Data Protection Policy
List of definitions and abbreviations
Data subject – means an identified or identifiable natural person, in particular by reference to an identifier such as a name, an identification number, location data, an online identifier or to one or more factors specific to the physical, physiological, genetic, mental, economic, cultural or social identity of that individual.
Data Protection Commissioner – means the national supervisory authority responsible for monitoring and enforcing the provisions of the GDPR and the Data Protection Act in Malta.
Controller – means a person who or public body which, alone or jointly with others, determines the purposes and means of the processing of personal data and has decision-making power with respect to the processing.
Processor – means a person who, or public body which, processes personal data on behalf of a controller.
Processing – means an operation or set of operations performed on personal data or sets of personal data, whether or not by automated means, such as collection, recording, organisation, structuring, storage, adaptation or alteration, retrieval, consultation, use, disclosure by transmission, dissemination or otherwise making available, alignment or combination, restriction, erasure or destruction.
Personal data – means any information relating to a data subject who is a natural person. A natural person cannot be a company or a public body. Representatives of companies or public bodies would, however, be natural persons.
Special Categories of Data (as per the GDPR) – means information about a person’s:
Racial or ethnic origin;
Religious or similar (e.g. philosophical) beliefs;
Trade union membership;
Health (including physical and mental health, and the provision of health care services);
Sexual life and sexual orientation.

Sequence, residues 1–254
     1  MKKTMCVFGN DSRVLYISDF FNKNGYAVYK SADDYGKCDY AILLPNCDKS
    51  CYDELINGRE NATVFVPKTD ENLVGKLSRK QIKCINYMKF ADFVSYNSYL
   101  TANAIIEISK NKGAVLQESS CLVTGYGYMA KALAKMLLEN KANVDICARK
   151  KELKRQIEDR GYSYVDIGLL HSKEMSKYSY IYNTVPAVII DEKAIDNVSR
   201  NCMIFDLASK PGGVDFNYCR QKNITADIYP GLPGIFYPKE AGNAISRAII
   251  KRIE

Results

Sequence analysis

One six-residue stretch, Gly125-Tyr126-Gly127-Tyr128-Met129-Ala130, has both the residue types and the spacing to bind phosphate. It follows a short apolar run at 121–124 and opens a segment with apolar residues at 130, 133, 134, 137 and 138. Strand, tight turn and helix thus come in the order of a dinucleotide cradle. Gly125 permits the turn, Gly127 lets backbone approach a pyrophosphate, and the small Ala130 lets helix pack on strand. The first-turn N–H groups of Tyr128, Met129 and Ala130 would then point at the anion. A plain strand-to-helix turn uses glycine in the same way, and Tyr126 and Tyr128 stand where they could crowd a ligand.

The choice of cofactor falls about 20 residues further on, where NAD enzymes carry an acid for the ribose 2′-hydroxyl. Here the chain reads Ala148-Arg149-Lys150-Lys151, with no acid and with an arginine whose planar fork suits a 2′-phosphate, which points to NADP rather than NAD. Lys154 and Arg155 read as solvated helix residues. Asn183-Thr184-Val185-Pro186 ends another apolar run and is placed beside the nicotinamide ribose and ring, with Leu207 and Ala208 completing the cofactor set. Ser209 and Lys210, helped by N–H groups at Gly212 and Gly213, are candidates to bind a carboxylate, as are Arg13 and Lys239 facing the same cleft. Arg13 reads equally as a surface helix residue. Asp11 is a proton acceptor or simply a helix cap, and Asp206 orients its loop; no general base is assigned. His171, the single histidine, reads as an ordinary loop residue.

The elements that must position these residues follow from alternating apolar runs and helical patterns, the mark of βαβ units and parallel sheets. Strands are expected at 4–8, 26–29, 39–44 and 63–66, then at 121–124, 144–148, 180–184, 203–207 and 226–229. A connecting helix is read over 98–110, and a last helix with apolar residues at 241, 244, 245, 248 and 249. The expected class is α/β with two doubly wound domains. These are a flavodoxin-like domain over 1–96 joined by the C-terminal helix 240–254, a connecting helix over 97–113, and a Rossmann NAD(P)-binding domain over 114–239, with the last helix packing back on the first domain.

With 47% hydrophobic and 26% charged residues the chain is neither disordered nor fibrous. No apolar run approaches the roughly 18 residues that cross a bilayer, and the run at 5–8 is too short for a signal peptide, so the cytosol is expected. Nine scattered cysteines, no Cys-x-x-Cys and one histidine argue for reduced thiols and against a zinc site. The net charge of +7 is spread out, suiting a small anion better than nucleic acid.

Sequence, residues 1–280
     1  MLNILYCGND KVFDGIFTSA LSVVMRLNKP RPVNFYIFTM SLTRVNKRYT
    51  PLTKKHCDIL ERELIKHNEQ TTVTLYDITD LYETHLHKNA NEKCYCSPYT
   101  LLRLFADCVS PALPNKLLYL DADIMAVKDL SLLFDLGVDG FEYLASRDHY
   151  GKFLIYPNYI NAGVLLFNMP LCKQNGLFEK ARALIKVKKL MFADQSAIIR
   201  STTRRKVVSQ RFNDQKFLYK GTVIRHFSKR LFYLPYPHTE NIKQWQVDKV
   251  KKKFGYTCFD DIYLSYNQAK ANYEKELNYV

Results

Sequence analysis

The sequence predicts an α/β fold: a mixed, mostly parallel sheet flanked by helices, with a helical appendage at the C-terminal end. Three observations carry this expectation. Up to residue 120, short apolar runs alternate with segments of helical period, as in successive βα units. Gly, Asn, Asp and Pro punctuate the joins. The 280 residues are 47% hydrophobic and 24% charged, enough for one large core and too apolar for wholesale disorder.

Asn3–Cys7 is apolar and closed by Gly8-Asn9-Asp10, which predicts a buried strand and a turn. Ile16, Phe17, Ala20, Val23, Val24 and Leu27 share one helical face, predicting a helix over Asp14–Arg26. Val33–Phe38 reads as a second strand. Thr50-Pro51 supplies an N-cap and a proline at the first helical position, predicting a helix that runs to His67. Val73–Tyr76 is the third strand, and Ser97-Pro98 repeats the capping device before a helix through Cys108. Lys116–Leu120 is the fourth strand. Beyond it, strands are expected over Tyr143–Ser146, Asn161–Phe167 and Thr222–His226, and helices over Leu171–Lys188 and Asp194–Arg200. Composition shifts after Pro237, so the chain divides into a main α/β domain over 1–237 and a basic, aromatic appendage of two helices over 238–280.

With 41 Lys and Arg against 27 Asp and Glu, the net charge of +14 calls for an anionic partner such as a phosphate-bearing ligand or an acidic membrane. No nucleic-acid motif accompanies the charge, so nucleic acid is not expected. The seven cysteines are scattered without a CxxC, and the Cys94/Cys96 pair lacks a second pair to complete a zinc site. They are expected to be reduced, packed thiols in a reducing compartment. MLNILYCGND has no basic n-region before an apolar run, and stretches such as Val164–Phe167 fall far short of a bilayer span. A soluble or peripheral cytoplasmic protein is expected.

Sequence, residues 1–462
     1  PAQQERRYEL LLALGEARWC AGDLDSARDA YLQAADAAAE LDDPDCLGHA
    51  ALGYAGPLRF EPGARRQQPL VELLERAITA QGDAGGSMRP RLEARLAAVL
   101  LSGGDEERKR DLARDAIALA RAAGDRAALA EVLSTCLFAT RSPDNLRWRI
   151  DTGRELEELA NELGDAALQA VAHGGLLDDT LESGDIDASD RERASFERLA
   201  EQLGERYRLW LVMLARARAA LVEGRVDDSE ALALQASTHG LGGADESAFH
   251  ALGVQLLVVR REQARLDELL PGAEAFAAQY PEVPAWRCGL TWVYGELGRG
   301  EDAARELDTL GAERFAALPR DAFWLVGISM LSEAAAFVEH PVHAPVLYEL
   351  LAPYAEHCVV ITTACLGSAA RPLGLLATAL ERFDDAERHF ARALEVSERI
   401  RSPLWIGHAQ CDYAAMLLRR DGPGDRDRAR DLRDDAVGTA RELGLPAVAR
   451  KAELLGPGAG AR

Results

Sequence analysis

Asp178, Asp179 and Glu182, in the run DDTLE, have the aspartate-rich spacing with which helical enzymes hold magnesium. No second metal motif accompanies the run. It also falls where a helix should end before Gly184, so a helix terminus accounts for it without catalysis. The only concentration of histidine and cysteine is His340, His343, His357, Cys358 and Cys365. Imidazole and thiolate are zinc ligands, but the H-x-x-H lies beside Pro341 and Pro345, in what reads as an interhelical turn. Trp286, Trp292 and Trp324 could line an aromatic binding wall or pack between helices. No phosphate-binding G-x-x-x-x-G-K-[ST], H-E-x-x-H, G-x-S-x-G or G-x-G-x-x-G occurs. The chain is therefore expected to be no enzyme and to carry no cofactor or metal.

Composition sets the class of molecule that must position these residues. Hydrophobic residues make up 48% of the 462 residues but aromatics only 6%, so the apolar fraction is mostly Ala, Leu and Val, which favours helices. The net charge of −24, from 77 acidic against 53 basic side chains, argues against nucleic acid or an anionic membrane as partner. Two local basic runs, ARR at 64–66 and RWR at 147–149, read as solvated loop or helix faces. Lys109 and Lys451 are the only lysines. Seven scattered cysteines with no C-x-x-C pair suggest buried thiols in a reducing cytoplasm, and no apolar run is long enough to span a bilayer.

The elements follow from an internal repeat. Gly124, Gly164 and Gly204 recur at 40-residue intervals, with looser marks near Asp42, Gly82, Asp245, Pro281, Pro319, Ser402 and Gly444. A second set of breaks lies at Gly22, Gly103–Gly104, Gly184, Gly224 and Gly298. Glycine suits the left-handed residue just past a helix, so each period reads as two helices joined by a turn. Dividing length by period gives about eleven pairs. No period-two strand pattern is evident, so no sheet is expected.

The objective of the Data Protection Policy (the ‘Policy’) is to depict the legal data protection aspects in one summarising document. This is not only to ensure compliance with the GDPR and The Data Protection Act, Chapter 586 and subsidiary legislation of the Laws of Malta (“DP Act Malta”) but also to provide a guide to employees of the Company (the data controller) when in doubt regarding data protection issues that may arise.
1.2 Approval of the Policy
This Policy has been presented and approved by the Board of Directors via written resolution. It sets out the legal obligations that apply whenever we obtain, store or use personal data. The Board of Directors is ultimately responsible for ensuring the Company meets its legal obligations.
2. Importance of Data Protection
2.1 The need for a Data Protection Policy
Personal data is collected and used almost everywhere and has become the oil of the twenty-first century. As the value of personal data grows, the risks to personal data inevitably increase. In addition, with rapid technological change and innovation, controlling personal data is becoming more and more difficult especially with data intensive online activities. A robust data protection policy is therefore a must in any company processing personal data.
2.2 Policy Statement
The Company is committed to protecting personal data and respecting the rights of our data subjects; the people whose personal data we collect and use. We value the personal information entrusted to us and we respect that trust, by complying with all relevant laws and adopting good practice.
3. Personal Data – The Principles
3.1 Principles relating to the processing of personal data
The six privacy principles in the GDPR form the fundamental conditions which controllers must follow when collecting, processing and managing the personal information owned by data subjects. Personal data must be:
* (a) processed lawfully, fairly and in a transparent manner. Processing of personal data will only be fair and lawful when the purpose for the processing meets a legal basis and when the processing is transparent. In accordance with the laws, the Company processes data using the following legal conditions:
* For the performance of a contract
* To comply with a legal obligation
* Legitimate interests
Where necessary, the Company shall obtain the consent of data subjects for processing personal data;